William Barclay – The New Daily Study Bible
The Next 500 hundred Stories

Friday, September 24, 2010


1. We need to understand what went before to make the meaning out of this gospel passage. The famous Transfiguration takes place on the Mountain and Jesus comes down with His three prominent disciples. Down there, there is a big crowd gathered and a man with his son affected by epilepsy waits for Jesus with frustration. The disciples tried casting out the demon which was believed to be real cause of the disease. But they could not succeed in exorcism. Jesus rebukes them all for their lack of faith and heals the boy.

2. This is when, the crowd marvels at His power. The whole crowd looked for the Messiah to take the reins of power against their oppressors Romans. But Jesus talks something out of place here and puts off the disciples. They did not want to hear about the death of the Messiah here but Jesus chose to speak about His death here.

3. Jesus reminds His disciples constantly about his Death. Reminder actually has a salvific role. We as human beings tend to forget the purpose for which we are here on earth. We need constant reminder of the goal of our existence. Reminders put us in perspective. Reminder initiates the great cause of renewal. The Retreats we make, the examination of conscience we do are some of the examples of reminders. Jesus after every big even reminds the disciples not to lose their track.

4. When we are in the peak of glory or when we are in a happy situation, we generally do not talk about death. We will never tolerate someone who speaks about death in a marriage function or any other happy events. It actually creates discomfort and irritation and this is what Jesus does after every major event.

5. Jesus knows the purpose for which he took the human flesh and came to the earth. Most often we do not know the purpose of our living. We think that we are living for our own cause and just give some space to God in our lives. We should not forget that we are living here not for our purpose but for the purpose of God. (From the book The Purpose Driven Life) Jesus knows why He came to the world, not to seek human glory but to die on the cross to reconcile humanity with God.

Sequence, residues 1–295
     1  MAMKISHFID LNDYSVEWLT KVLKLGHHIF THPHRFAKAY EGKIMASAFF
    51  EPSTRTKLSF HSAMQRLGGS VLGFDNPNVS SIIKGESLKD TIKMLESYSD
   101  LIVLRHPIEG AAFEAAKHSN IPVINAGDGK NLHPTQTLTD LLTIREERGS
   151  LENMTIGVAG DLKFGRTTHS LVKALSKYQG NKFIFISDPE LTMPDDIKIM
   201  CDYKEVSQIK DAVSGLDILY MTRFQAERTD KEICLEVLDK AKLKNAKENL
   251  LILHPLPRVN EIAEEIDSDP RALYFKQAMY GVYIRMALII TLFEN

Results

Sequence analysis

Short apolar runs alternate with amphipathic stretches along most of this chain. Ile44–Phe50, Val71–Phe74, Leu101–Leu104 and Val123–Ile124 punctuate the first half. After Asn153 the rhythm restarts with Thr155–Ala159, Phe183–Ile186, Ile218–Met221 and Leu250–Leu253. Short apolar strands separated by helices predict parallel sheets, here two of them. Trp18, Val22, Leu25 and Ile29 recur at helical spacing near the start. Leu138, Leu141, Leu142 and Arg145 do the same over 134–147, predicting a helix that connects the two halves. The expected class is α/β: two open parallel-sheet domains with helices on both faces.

I remember the exercise we, some Salesians, under the leadership of Fr. Antony Christy SDB, conducted in the Youth Pasch last year in Ennore (Chennai). We made a coffin and placed it in a separate place and set the whole place like a funeral house. There were writhes, candles, incense, garland etc. We did not say anything to the youngster but took them one by one and made them to lie in the coffin for some time. It was a dark place and in front we placed a blackboard in which we wrote this question “If you were to die today, would you be happy for the life you have lived so far? One by one they were brought and at the end of this scaring session, all of them unanimously said that they got a new orientation towards their life. Our life is project which we are supposed to submit to the Lord on the day of our death. Some of us might have started doing our project well, while others might be waiting for the last minute. But the problem is, we are not sure of the date of our submission and therefore it is better to keep working on our projects everyday and be prepared to submit when it is asked by the Lord.

Thursday, September 23, 2010

WHO AM I ? SEPTEMBER 24TH - FRIDAY (Lk 9: 18-22)

1. Jesus has a short evaluation with his disciples. He wanted to know what people think about him. Some think that He is John the Baptist, Elijah, Jeremiah etc. By identifying Jesus with Elijah the prince among the prophets, the greatness of Jesus is revealed. He is considered as the forerunner of the Messiah.

2. Each Gospel has its own version of the saying of Peter
· You are the Messiah, the son of the living God (Mt)
· You are the Messiah (Mk)
· The Messiah of God (Lk)
Messiah in Hebrew, Christ in Greek means the same ‘the Anointed one’

3. Christ must be a personal discovery. Christianity always consists in knowing Jesus not merely knowing about Jesus.

4. Peter’s confession is the foundation of the church. There are a lot of debates on the meaning of this declarative statement. “You are Peter (petros) and on this rock (petra) I will build my church. No matter how a person interprets, this was a great piece of complement to St. Peter.